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       When the first Spanish missionaries came to the Philippines in the 16th century, the Catholic faith they preached to the natives was expressed in a liturgy that was in Latin and the music that went with it was Western. They celebrated the liturgy using Gregorian chant, polyphonic Masses and motets, and hymns, all in Latin. Gradually they instructed the natives not only in singing but also in playing various instruments like guitar, violin, flute, harp and later on, the organ. In 1857 a boys choir was formed in the Dominican convent of Sto. Domingo which evolved into a music school. Later a fine organ  was installed in the church. The first orchestra was formed in the Augustinian Convent of Guadalupe in 1601. In 1643, Fray Juan de Torres established the Manila Orchestra. In 1742, the Colegio de Niños Tiples de la Iglesia Cathedral was founded. Between 1816-1824, Fr. Diego de Cerra built a unique instrument, the famous Las Piñas Bamboo Organ which is still being used for liturgical services in the Parish Church of St. Joseph. It contains 950 bamboo pipes with 22 stops, 43 pipes for each register and 12 pedals. In 1870 the Augustinian Fray Toribio organized an orchestra at the San Agustin Church in Intramuros. The orchestra was led by Marcelo Adonay, the first native Filipino to compose a Mass. Other Filipino musicians were Pantaleon Lopez and Ladislao Bonus.

       The Christianized natives did not find the Latin liturgical celebrations in church adequate enough to express their faith. so there evolved extra liturgical services in which they could perform music that was more to their taste: they sang songs in Spanish and gradually included songs in their own vernacular language. Thus, during the Advent-Christmas season, aside from the Simbang Gabi (or Misa de Aguinaldo) they held the Panunuluyanand the Pamamasko where Spanish, Mexican and local villancicos were sung. During the Lenten season, in their homes they held the Pabasa, or public chanting of the Pasyon. On Easter Sunday, the Salubong was held early in the morning in the plaza before the dawn Mass. For the celebrations of All Saints’ Day (Nov. 1) and All Souls’ Day (Nov. 2), aside from going to Mass and to the cemetery to give honor to the departed, singing groups calledpangangaluluwa pretending to be the wandering souls of the dead, would go from house to house begging for prayers and alms. In the month of May, devotion to Mary took the form of the “Flores de Mayo”. Also in May, to commemorate the finding of the Cross by Empress Helena, the mother of Emperor Constantine, there is theSantacruzan. In all these extra-liturgical celebrations Spanish and vernacular hymns were sung with music which was not like the Gregorian chant or classical polyphony or Latin hymns that were sang in the Church. In October, the Rosary with the litany of the Blessed Virgin Mary were chanted or sung in the vernacular. During Novenas especially to patron saints, Spanish and vernacular songs as well as prayers were the rule. Gradually, non-Latin songs entered into the Simbang Gabi celebrations (with castanets and tambourine and even bird whistles). other extra-liturgical celebrations were more theatrical, like the Senakulo and the Moriones (Marinduque) during  Holy Week. Others were dances in honor of the local patron saints like the Ati-atihan (Aklan) in honor of Santo Niño and the dancing during the procession in honor of Santa Clara (Obando) and other celebrations in honor of Santo Niño in Cebu, Pandacan, Tondo, etc. Up to the end of the Spanish rule, the Christianized Filipinos attended the religious services in church  mostly as audience while music was sung by trained choirs in the Parish Churches accompanied by the organ and some instruments, even an orchestra. After these celebrations, they had their own extra-liturgical celebrations with their own sacred and religious songs and dances.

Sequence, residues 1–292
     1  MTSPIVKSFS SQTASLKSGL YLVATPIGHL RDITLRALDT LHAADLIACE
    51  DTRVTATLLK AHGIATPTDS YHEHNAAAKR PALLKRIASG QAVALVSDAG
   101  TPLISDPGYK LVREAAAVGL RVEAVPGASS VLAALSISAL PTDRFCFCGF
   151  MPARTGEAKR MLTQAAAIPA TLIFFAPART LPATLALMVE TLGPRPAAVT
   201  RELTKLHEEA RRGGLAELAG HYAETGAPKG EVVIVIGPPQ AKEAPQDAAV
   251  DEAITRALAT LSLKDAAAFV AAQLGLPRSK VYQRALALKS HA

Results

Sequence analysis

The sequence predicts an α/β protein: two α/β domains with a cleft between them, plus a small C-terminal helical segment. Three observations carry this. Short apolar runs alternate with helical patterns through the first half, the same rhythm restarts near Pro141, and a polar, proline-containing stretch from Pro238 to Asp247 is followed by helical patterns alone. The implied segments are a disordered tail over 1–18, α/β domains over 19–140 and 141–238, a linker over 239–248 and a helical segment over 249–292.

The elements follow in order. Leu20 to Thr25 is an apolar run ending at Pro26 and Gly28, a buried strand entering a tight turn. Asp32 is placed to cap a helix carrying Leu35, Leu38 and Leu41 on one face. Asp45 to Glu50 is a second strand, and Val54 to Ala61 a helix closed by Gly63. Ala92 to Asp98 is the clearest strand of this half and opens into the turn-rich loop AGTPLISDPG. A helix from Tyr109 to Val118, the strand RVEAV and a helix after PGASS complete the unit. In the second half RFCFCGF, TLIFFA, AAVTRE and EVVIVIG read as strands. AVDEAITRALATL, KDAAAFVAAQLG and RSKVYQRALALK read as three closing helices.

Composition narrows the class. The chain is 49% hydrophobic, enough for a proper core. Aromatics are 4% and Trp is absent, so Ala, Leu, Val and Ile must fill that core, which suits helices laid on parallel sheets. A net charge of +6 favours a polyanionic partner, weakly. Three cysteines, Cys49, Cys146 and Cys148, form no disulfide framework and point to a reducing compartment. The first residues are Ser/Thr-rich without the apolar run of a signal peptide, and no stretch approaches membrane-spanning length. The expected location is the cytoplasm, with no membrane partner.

At the beginning of the 20th century the situation begun to change. On November 22, 1903 Pope Pius X issued his motu propio, “Tra le Sollicitudine” to reform the liturgy. He encouraged the participation of the congregation in the liturgical celebrations. The liturgy was still in Latin but bishops and pastors were instructed to teach the faithful to sing the ordinary of the Mass at least in Gregorian chant. As the faithful were taught to sing the Latin Mass, gradually vernacular songs were introduced side by side. Several German & French dioceses had special concessions to sing parts of the ordinary of the Mass in the vernacular (the German singmesse). In other places, especially in the missions, where such concessions were not given, vernacular songs with religious texts (though not,liturgical texts) were introduced.